• Acquisition through innovation tournaments in high-tech industries: A comparative perspective

      Kleer, Robin; Wagner, Marcus (Economics of Innovation and New Technology, 2013)
      Acquisition of innovative firms is a widely observed phenomenon in high-tech industries. On the basis of distinct advantages of large and small firms, in this paper, we build a tournament model with possible acquisition activity of large firms to derive hypotheses on interdependencies between acquisition frequency and post-acquisition success rates. We find empirical support for our hypotheses that (1) acquisitions increase overall innovation output and (2) that the number of acquisitions is higher in industries with larger heterogeneity between established firms and young start-ups. However, our third hypothesis derived from the formal model that innovation success following from acquisitions varies across industries is only partially confirmed.
    • Acquisitions in a patent contest model with large and small firms

      Kleer, Robin (Journal of Industry, Competition and Trade, 2009)
      Big companies and small innovation factories possess different advantages in a patent contest. While large firms typically have better access to product markets, small firms often have a superior R&D efficiency. These distinct advantages immediately lead to the question of cooperations between firms. In this paper, we model a patent contest with heterogeneous firms. In a pre-contest acquisition game large firms bid sequentially for small firms to combine respective advantages. Sequential bidding allows the first large firms to bid strategically to induce a reaction of its competitor. For high efficiencies both large firms prefer to acquire immediately leading to a symmetric market structure. For low efficiencies strategic waiting of the first large firm leads to an asymmetric market structure even though the initial situation is symmetric. We also discuss two different timing setups of the acquisition stage. In all setups, acquisitions increase the chances for a successful innovation.
    • Acquisitions: a curse or blessing for direct competitors? The impact of target ownership structure  

      Mataigne, Virginie; Luypaert, Mathieu; Manigart, Sophie (Journal of Corporate Finance, 2021)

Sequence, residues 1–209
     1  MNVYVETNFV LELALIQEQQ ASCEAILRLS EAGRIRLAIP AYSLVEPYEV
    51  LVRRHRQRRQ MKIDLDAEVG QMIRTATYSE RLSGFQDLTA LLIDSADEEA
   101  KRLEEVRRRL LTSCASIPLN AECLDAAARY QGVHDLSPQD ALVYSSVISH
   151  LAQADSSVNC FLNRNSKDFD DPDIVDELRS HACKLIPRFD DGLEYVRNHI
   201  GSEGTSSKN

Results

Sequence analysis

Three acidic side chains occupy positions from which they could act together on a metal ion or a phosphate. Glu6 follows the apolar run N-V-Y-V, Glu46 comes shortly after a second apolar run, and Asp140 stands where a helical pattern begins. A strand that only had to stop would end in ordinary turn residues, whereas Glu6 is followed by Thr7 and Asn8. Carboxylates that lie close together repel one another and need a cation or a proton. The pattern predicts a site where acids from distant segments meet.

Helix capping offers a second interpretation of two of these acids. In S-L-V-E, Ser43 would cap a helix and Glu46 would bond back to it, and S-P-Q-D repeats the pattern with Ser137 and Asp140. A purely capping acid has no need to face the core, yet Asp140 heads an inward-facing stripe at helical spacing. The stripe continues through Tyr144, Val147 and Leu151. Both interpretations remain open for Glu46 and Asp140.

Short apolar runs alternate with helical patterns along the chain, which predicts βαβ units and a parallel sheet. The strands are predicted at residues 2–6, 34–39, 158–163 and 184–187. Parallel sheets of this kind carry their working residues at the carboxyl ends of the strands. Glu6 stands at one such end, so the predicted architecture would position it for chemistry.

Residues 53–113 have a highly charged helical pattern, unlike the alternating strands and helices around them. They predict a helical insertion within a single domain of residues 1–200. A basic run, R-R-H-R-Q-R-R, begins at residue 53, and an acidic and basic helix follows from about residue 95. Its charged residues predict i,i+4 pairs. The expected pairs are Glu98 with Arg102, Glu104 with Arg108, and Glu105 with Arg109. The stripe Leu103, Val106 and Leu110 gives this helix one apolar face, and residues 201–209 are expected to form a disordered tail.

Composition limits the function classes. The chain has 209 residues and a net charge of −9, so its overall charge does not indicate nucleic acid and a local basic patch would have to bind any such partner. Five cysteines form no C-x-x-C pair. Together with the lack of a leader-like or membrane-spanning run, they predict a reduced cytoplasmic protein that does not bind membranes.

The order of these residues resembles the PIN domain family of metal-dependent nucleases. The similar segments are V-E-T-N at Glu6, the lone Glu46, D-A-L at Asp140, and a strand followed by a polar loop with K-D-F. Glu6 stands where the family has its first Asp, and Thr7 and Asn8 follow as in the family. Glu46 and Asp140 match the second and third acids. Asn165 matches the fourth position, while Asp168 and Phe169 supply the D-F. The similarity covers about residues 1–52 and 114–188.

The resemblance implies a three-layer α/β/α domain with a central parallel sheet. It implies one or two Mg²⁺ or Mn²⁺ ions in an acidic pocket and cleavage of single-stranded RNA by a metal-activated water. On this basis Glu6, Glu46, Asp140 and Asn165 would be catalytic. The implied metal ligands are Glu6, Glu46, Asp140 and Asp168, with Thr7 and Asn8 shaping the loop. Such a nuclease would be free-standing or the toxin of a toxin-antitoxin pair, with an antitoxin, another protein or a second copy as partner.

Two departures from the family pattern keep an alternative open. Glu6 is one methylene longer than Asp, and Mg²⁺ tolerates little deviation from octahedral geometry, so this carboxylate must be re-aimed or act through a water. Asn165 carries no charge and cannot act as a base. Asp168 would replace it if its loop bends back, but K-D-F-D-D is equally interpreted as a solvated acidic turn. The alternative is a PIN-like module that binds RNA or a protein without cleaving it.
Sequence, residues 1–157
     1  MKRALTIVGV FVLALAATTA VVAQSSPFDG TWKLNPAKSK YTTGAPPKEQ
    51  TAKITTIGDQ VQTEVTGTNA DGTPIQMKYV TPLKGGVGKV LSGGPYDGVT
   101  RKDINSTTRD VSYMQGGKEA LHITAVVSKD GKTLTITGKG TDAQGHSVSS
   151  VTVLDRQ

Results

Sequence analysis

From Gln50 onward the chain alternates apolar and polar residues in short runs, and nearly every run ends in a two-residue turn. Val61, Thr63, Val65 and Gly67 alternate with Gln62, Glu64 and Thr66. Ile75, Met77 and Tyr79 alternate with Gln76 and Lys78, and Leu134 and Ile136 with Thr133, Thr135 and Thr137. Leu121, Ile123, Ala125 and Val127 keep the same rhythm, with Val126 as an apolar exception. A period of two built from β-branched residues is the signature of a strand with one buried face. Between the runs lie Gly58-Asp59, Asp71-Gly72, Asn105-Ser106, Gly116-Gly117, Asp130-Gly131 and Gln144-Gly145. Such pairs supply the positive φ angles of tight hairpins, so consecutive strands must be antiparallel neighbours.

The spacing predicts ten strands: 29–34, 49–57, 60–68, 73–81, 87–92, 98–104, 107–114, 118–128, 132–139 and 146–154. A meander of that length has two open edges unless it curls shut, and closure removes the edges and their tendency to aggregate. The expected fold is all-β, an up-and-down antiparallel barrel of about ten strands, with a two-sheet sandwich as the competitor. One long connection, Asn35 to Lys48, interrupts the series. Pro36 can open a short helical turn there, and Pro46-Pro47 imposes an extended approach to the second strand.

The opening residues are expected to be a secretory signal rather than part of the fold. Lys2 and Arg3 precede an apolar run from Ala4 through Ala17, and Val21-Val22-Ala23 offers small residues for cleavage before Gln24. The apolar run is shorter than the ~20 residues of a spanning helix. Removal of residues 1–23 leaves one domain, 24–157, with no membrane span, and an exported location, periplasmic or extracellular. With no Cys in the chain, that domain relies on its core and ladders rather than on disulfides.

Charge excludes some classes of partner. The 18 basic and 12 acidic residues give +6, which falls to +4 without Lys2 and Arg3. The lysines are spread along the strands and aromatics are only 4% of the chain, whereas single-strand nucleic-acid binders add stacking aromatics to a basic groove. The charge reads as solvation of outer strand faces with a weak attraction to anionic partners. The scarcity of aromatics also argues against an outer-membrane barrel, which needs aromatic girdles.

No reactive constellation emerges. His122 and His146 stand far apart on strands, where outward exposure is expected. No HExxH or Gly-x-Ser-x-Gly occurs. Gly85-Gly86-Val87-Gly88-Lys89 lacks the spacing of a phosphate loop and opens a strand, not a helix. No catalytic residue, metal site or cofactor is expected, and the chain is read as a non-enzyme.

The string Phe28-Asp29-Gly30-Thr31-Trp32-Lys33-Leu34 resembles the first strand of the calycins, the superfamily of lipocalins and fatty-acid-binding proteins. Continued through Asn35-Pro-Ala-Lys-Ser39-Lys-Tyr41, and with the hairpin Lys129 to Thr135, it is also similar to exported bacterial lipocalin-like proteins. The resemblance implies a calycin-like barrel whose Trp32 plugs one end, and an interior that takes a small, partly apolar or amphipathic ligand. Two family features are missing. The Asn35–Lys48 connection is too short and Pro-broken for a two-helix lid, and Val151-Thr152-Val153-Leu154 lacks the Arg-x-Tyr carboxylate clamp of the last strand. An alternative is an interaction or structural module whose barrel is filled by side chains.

This study examines the impact of horizontal acquisition announcements on the value of direct competitors of the combined entity. We argue that the ownership structure of the target drives competitor wealth effects. First, the stronger disciplining force of the market for corporate control for public firms compared to private firms will lead to higher competitive pressure post-acquisition when a public firm is acquired, leading to more negative valuation effects of direct competitors. Second, acquisitions of subsidiary targets, compared to stand-alone targets, are expected to lead to stronger asset utilization improvements in the target, leading to more negative competitor returns. A unique hand-collected sample of 1,038 direct competitors of 228 horizontal acquisitions in Europe empirically supports these hypotheses. Alternative explanations, such as information asymmetry or empire-building, are rejected.
    • The interplay between target firm R&D, acquirer debt financing and takeover premia

      Mataigne, Virginie; De Maeseneire, Wouter; Luypaert, Mathieu (Applied Economics Letters, 2018)
      The level of acquisition premia is of paramount importance in light of the vast sums paid to target shareholders and the often disappointing returns realized by corporate buyers. In this letter, we focus on the impact of R&D investments by targets on the acquisition premium contingent upon the acquirer's financing choices. Based on a unique hand-collected sample of 407 listed European transactions, we find a positive effect of target R&D on premia paid. Yet, when acquirers finance the acquisition of an R&D intensive target with debt, the positive relation disappears. Consequently, we establish that financing sources affect bidding strategies of acquiring companies in case of difficult-to-value targets.